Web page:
Later he continued:

I wrote a song once. I'm trying to find, a real good song I wrote. An' it's about this lady I knew in the carnival. An' er, they had a side show, I only, I was, this was, Thomas show, Roy B Thomas shows, and there was, they had a freak show in it, you know, and all the midgets and all that kind of stuff. An' there was one lady in there really bad shape. Like her skin had been all burned when she was a little baby, you know, and it didn't grow right, and so she was like a freak. An' all these people would pay money, you know, to come and see and ... er ... that really sort of got to me, you know. They'd come and see, and I mean, she was very, she didn't really look like normal, she had this funny kind of skin and they passed her of as the elephant lady. And, er, like she was just burned completely since she was a little baby, er.

You can hear a nearly complete audio recording of the interview (55 minutes) below, and read a transcript of the full interview on Expecting Rain.

Over on Spotify, you can hear the 11 songs that Dylan played for Gooding that day.

They include several that Dylan wrote, along with some old folk and blues songs:

  1. "(I Heard That) Lonesome Whistle" (Hank Williams/Jimmie Davis)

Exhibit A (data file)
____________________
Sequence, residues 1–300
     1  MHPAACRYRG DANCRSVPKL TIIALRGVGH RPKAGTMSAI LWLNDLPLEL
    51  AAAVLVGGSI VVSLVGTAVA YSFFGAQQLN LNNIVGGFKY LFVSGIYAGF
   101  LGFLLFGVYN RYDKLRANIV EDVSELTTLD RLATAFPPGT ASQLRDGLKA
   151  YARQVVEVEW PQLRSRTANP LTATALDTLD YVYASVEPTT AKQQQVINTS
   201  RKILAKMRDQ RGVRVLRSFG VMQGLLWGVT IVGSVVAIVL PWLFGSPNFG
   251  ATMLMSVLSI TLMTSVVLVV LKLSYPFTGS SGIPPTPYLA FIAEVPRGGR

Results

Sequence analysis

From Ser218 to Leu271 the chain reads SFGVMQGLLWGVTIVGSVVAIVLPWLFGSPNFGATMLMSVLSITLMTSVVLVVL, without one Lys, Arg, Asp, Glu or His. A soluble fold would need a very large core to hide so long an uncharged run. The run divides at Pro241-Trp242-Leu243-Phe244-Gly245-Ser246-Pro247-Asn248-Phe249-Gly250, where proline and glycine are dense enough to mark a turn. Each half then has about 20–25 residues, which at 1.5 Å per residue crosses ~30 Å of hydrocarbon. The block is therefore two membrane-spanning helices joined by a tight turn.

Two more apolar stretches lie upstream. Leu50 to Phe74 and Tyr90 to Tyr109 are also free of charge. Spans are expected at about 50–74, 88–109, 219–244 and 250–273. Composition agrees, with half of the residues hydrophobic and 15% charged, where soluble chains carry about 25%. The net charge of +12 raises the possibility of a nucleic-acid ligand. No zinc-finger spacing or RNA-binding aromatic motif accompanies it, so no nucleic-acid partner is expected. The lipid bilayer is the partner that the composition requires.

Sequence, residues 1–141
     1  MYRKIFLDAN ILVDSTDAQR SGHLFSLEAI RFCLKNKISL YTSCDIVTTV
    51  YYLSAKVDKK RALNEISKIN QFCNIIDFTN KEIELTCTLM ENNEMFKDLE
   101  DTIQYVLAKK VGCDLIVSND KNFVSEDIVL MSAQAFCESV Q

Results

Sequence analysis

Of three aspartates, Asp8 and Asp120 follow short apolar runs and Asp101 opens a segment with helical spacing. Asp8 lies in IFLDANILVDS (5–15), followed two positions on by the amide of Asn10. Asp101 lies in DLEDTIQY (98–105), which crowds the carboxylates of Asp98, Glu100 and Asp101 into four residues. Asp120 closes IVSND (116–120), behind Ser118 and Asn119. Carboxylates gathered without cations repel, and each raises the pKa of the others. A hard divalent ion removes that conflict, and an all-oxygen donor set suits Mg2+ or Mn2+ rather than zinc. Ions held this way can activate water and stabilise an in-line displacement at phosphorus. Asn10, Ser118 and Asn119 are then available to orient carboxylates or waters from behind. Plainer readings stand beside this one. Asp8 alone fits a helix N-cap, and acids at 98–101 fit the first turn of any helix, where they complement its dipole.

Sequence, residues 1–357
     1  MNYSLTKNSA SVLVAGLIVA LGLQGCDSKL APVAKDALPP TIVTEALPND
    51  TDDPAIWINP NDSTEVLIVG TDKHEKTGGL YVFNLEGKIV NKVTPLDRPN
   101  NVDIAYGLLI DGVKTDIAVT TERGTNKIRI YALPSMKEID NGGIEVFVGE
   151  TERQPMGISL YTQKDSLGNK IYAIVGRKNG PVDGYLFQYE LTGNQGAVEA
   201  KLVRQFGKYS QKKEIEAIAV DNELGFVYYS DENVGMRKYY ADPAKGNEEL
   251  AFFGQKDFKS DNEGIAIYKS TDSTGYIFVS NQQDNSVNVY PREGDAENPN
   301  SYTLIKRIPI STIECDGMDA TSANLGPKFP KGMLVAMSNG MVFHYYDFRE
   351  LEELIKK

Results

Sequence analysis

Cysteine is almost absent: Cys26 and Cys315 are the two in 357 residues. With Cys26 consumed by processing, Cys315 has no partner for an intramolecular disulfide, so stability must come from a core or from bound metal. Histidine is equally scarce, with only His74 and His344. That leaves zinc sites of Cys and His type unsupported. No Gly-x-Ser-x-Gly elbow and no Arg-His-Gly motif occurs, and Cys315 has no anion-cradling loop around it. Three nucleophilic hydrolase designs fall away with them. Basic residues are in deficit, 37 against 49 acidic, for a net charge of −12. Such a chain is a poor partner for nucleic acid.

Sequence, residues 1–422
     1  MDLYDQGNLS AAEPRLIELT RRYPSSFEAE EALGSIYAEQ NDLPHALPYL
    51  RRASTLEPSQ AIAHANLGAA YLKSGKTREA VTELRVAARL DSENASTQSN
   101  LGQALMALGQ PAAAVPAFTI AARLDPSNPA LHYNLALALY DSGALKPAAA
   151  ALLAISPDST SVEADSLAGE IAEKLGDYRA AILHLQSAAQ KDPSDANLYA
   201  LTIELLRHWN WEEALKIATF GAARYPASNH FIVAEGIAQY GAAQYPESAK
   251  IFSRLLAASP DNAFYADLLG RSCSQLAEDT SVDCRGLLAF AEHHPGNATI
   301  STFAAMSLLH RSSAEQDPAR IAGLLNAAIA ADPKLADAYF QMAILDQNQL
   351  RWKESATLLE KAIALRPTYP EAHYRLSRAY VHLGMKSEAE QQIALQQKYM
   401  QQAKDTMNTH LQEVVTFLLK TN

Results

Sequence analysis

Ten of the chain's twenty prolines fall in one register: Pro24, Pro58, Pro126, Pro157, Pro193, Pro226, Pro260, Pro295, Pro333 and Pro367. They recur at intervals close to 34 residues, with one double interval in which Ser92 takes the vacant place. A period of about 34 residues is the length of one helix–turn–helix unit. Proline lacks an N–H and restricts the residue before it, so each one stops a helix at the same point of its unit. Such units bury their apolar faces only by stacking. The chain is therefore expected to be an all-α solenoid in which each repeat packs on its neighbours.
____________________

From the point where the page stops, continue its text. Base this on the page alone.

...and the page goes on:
2. "Fixin' to Die" (Bukka White)
  3. "Smokestack Lighning" (Howlin' Wolf)
  4. "Hard Travelin'" (Woody Guthrie)
  5. "The Death of Emmett Till"  (Bob Dylan)
  6. "Standing on the Highway" (Bob Dylan)
  7. "Roll on John" (Rufus Crisp)
  8. "Stealin'" (traditional)
  9. "It Makes a Long Time Man Feel Bad" (traditional)
  10. "Baby, Please Don't Go" (Big Joe Williams)
  11. "Hard Times in New York Town" (Bob Dylan)

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Hear Anaïs Nin Read From Her Celebrated Diary: A 60-Minute Vintage Recording (1966)

At one time, writer Anaïs Nin’s reputation largely rested on her passionate, long-term love affair with novelist Henry Miller, whom she also financially supported while he wrote his best-known novels and became, writes Sady Doyle, a “darling of the avant-garde.” Nin herself was a marginalized, “unfashionable” writer, whose “frank portrayals of illegal abortions, extramarital affairs and incest” brought such critical opprobrium down on her that “by 1954, Nin believed the entire publishing industry saw her as a joke.” She had good reason to think so.